Why do we need Collagen?
We all use moisturiser to help keep our skin soft and young but how many of you add collagen or gelatin to your diet?
Collagen is one of the most abundant proteins in the body and it makes up a large part of our skin, hair and nails. Technically a polypeptide, collagen contains a mixture of amino acids like proline and glycine, which are found in all connective tissue within the body, including vital organs.
While beauty treatments and shampoos trumpet the benefits of collagen on their labels, the real benefits come internally, not from a topical treatment.
What is Collagen?
Collagen is a long-chain amino acid and the most abundant protein in the body. It is composed of the individual amino acids Glycine, Proline, Hydroxyproline and Arginine and in nature is found exclusively in animal tissue, especially bones and connective tissue.
It is what is responsible for giving skin elasticity, hair its strength, and connective tissue its ability to hold everything in place. In fact, the collagen protein makes up 30% of the total protein in the body, and 70% of the protein in the skin!
The body’s natural collagen production declines with age and many modern lifestyle factors (like stress, poor diet, gut health imbalances, etc.) can also decrease the body’s ability to make it.
Collagen Powder – (the Hydrolyzed form of Gelatin) contains these proteins broken down into individual peptide chains. This form is typically easier to digest and is often suggested for people with digestive problems. One advantage to this particular form of gelatin is that it easily mixes into most hot and cold drinks and is tasteless, making it easy to add to foods and drinks for consumption, however, it will not gel and is not good in recipes that require gelatin.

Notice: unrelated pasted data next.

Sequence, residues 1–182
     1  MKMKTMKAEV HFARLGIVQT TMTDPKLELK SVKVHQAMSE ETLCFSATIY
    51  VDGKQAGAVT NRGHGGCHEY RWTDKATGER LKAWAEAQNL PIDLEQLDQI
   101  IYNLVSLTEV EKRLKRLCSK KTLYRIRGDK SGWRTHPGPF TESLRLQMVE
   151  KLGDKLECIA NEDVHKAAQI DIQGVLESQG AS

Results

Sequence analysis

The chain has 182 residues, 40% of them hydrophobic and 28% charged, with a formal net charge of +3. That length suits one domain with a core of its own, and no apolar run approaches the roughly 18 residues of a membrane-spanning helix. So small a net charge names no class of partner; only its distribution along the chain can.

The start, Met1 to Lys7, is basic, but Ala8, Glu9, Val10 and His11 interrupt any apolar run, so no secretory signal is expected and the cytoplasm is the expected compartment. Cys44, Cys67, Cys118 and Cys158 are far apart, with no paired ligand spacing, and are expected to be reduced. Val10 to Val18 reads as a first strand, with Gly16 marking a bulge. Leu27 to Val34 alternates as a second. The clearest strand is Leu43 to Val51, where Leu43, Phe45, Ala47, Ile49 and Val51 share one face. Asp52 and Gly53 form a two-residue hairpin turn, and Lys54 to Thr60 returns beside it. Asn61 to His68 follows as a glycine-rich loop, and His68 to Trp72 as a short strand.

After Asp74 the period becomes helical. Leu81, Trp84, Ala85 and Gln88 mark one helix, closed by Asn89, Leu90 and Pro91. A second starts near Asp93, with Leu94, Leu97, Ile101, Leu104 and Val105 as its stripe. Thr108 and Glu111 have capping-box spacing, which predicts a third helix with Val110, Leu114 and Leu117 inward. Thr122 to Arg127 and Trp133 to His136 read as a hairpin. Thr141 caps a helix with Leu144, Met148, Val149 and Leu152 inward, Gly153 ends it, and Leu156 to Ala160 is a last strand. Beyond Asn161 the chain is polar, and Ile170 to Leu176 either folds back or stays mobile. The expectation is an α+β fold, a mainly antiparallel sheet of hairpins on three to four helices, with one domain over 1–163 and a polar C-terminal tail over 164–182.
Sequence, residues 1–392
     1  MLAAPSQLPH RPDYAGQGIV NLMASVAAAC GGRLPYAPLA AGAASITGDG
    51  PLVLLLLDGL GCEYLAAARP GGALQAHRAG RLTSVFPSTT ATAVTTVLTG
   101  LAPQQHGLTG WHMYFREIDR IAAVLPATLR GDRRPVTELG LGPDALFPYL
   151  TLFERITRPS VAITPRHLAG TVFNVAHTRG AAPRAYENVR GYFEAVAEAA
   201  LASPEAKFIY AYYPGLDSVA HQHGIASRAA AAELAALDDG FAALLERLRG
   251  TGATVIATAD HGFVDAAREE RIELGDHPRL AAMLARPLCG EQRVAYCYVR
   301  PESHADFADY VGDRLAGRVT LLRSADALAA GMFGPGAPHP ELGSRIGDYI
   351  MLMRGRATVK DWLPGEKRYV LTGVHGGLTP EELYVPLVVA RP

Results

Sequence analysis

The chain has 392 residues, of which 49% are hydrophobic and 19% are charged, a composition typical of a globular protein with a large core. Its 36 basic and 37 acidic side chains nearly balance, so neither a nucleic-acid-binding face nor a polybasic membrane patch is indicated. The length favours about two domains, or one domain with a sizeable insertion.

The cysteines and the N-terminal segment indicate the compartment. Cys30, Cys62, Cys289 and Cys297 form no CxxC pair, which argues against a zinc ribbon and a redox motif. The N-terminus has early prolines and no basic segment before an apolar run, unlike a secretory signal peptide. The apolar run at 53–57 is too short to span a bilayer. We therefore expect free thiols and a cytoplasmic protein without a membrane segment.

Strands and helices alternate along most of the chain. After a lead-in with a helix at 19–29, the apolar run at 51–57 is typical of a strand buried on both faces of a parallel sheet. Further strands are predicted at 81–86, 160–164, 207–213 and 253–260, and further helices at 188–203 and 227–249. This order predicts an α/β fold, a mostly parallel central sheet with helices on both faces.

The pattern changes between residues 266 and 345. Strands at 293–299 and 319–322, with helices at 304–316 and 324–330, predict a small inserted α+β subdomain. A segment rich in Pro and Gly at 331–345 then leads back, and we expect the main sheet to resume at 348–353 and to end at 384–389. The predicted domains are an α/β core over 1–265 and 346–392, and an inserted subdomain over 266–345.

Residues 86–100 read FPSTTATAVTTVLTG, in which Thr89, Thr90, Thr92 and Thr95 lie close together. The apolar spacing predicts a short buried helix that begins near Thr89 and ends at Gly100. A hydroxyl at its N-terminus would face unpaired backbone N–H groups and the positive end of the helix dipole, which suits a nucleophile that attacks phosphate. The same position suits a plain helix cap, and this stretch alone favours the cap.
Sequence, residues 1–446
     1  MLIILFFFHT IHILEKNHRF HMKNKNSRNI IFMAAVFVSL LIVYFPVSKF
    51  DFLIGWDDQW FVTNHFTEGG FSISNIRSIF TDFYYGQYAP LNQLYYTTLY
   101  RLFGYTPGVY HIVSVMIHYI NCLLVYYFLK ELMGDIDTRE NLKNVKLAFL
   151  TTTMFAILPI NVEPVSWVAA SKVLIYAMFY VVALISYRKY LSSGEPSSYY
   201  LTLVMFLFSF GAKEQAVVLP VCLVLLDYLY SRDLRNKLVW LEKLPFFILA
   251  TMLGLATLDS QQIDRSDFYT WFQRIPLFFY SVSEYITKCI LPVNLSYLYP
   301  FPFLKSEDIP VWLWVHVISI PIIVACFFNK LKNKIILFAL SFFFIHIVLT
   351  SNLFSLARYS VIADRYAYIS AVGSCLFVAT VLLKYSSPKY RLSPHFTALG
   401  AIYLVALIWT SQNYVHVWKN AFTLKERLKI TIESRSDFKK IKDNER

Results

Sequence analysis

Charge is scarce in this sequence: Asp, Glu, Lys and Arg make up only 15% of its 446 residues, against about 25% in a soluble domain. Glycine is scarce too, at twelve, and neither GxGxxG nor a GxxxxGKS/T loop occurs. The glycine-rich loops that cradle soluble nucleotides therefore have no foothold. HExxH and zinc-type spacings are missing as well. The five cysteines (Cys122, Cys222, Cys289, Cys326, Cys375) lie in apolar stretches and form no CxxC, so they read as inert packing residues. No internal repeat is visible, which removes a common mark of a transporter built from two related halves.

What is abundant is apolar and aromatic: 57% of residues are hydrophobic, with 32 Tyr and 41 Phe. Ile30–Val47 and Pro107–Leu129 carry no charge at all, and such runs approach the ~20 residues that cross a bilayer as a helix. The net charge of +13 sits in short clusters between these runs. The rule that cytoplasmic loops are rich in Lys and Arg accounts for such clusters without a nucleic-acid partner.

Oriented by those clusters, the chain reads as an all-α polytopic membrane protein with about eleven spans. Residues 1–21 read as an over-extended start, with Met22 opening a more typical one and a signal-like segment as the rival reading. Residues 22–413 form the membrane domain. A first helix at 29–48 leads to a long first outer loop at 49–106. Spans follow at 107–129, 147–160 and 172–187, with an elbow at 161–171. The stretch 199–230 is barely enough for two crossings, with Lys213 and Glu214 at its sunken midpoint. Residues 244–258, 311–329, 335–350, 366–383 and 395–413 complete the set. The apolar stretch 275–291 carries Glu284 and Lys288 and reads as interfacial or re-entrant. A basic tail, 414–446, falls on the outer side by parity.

In past generations, people often consumed much larger amounts of gelatin from food, as our grandparents and great-grandparents prepared many meals at home and made things like broths, gravies, and bone-in meats that naturally contained these amino acids.
Benefits of Collagen and protein for Skin
While both are beneficial to the entire body, it is most noticeably beneficial to the skin. This is because as a person ages, the epidermic (outer layer of skin) thins and loses elasticity in a process known as elastosis. As this happens, a person tends to show more signs of aging and acquire more wrinkles.
The good news is that these changes do not seem to be permanent or irreversible. In fact, a double-blind placebo study conducted last year found that women who took the gelatin (the peptide form) regularly for 8 weeks saw a 20% reduction in wrinkles!
Bone and Joint Health– Gelatin may be beneficial to bones and joints in the same way it benefits the skin.
Hormone Balance- Emerging research shows that the specific amino acids in gelatin may help improve the amino acid balance in the body and support the body’s natural hormone production.
Digestion– As mentioned, gelatin and collagen may help coat the digestive tract and improve digestion, and the consumption of gelatin is often recommended on gut-specific diets like GAPS and SCD.